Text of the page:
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The big shareholder groups in C&C Group plc (LON:CCR) have power over the company. Large companies usually have institutions as shareholders, and we usually see insiders owning shares in smaller companies. We also tend to see lower insider ownership in companies that were previously publicly owned.
C&C Group isn't enormous, but it's not particularly small either. It has a market capitalization of UK£818m, which means it would generally expect to see some institutions on the share registry. Taking a look at our data on the ownership groups (below), it seems that institutions are noticeable on the share registry. Let's take a closer look to see what the different types of shareholders can tell us about C&C Group.
What Does The Institutional Ownership Tell Us About C&C Group?
Institutional investors commonly compare their own returns to the returns of a commonly followed index. So they generally do consider buying larger companies that are included in the relevant benchmark index.
We can see that C&C Group does have institutional investors; and they hold a good portion of the company's stock. This can indicate that the company has a certain degree of credibility in the investment community. However, it is best to be wary of relying on the supposed validation that comes with institutional investors. They too, get it wrong sometimes. It is not uncommon to see a big share price drop if two large institutional investors try to sell out of a stock at the same time. So it is worth checking the past earnings trajectory of C&C Group, (below). Of course, keep in mind that there are other factors to consider, too.
Institutional investors own over 50% of the company, so together than can probably strongly influence board decisions. We note that hedge funds don't have a meaningful investment in C&C Group. Our data shows that Artemis Investment Management LLP is the largest shareholder with 12% of shares outstanding. Fidelity International Ltd is the second largest shareholder owning 9.7% of common stock, and FMR LLC holds about 4.3% of the company stock.
After doing some more digging, we found that the top 11 have the combined ownership of 51% in the company, suggesting that no single shareholder has significant control over the company.
While studying institutional ownership for a company can add value to your research, it is also a good practice to research analyst recommendations to get a deeper understand of a stock's expected performance. There are a reasonable number of analysts covering the stock, so it might be useful to find out their aggregate view on the future.
Insider Ownership Of C&C Group
The definition of company insiders can be subjective and does vary between jurisdictions. Our data reflects individual insiders, capturing board members at the very least. Company management run the business, but the CEO will answer to the board, even if he or she is a member of it.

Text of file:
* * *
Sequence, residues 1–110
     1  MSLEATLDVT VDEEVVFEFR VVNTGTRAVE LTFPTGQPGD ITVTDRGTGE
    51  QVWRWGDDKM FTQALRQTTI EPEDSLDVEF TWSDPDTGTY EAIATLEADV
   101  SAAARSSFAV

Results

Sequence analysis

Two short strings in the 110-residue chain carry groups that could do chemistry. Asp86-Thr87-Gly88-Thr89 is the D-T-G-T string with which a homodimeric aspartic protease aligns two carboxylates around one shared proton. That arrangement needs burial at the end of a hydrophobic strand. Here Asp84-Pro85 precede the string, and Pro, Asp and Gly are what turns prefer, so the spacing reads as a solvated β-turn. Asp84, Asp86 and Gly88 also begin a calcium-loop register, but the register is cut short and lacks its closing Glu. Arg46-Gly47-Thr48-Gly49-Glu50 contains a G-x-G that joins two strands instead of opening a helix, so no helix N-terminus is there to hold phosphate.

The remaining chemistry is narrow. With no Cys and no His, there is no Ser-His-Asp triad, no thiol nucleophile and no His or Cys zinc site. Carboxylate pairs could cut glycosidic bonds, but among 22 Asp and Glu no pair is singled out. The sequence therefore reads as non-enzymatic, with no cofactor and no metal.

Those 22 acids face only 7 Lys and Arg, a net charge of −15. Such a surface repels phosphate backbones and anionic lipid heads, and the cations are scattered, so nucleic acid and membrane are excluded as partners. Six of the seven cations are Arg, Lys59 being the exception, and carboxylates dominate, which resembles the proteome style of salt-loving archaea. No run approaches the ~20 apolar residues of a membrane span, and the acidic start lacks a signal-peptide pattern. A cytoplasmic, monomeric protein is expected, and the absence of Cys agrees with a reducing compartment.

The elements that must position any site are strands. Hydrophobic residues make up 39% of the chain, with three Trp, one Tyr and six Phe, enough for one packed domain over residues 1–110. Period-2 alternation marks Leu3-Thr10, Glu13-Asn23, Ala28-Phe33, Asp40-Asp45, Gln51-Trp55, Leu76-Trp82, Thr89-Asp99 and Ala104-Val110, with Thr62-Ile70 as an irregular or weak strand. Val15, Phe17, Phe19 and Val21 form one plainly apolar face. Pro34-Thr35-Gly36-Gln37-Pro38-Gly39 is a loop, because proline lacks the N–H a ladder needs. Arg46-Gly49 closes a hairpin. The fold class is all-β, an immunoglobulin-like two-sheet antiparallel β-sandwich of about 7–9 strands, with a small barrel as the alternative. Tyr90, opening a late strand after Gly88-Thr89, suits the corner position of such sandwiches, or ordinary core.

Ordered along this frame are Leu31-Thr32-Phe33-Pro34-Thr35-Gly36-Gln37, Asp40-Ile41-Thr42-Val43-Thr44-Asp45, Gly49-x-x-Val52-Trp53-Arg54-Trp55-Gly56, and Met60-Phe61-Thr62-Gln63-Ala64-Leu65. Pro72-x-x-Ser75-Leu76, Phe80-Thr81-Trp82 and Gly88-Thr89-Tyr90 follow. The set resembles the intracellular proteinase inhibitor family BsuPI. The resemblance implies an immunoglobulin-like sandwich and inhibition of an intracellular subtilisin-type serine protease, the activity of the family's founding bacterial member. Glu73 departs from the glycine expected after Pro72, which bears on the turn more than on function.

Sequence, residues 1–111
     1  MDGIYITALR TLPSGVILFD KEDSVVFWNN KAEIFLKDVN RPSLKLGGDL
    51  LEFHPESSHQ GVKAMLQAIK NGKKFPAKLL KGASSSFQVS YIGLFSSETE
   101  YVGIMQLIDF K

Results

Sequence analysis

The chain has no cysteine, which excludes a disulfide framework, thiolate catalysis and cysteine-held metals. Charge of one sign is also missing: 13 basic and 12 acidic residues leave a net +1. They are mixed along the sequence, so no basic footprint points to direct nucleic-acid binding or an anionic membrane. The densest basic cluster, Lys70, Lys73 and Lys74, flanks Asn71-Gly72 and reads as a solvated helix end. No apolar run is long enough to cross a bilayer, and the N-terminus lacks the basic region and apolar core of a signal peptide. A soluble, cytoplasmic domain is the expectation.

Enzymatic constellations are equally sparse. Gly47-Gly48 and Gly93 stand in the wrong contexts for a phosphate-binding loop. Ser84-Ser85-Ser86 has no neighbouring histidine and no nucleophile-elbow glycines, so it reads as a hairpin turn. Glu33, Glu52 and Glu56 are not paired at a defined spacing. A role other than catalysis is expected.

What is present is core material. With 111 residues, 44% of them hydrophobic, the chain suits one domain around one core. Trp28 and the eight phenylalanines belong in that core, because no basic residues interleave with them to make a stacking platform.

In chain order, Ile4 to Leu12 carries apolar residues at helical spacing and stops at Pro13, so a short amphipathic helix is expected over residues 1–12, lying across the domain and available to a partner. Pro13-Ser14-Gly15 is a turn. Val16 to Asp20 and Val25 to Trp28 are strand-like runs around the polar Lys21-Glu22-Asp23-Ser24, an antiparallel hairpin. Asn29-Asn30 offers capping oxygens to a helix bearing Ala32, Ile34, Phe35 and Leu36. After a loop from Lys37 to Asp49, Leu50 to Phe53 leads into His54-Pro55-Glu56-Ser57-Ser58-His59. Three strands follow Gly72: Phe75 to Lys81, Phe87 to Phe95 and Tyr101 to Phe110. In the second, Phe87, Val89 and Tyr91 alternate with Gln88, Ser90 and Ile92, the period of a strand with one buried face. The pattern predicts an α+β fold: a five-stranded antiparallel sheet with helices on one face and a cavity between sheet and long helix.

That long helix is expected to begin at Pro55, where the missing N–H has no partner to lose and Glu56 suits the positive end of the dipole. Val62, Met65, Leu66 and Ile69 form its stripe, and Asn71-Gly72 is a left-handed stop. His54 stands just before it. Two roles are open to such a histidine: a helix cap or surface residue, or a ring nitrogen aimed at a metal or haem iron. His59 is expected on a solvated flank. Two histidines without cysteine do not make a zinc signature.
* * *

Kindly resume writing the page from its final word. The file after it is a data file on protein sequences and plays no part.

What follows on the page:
Insider ownership is positive when it signals leadership are thinking like the true owners of the company. However, high insider ownership can also give immense power to a small group within the company. This can be negative in some circumstances.
Shareholders would probably be interested to learn that insiders own shares in C&C Group plc. It is a pretty big company, so it is generally a positive to see some potentially meaningful alignment. In this case, they own around UK£10m worth of shares (at current prices). It is good to see this level of investment by insiders. You can check here to see if those insiders have been buying recently.
General Public Ownership
The general public holds a 34% stake in C&C Group. While this size of ownership may not be enough to sway a policy decision in their favour, they can still make a collective impact on company policies.
I find it very interesting to look at who exactly owns a company. But to truly gain insight, we need to consider other information, too. Case in point: We've spotted 3 warning signs for C&C Group you should be aware of, and 1 of them is concerning.
But ultimately it is the future, not the past, that will determine how well the owners of this business will do. Therefore we think it advisable to take a look at this free report showing whether analysts are predicting a brighter future.
NB: Figures in this article are calculated using data from the last twelve months, which refer to the 12-month period ending on the last date of the month the financial statement is dated. This may not be consistent with full year annual report figures.
This article by Simply Wall St is general in nature. It does not constitute a recommendation to buy or sell any stock, and does not take account of your objectives, or your financial situation. We aim to bring you long-term focused analysis driven by fundamental data. Note that our analysis may not factor in the latest price-sensitive company announcements or qualitative material. Simply Wall St has no position in any stocks mentioned.
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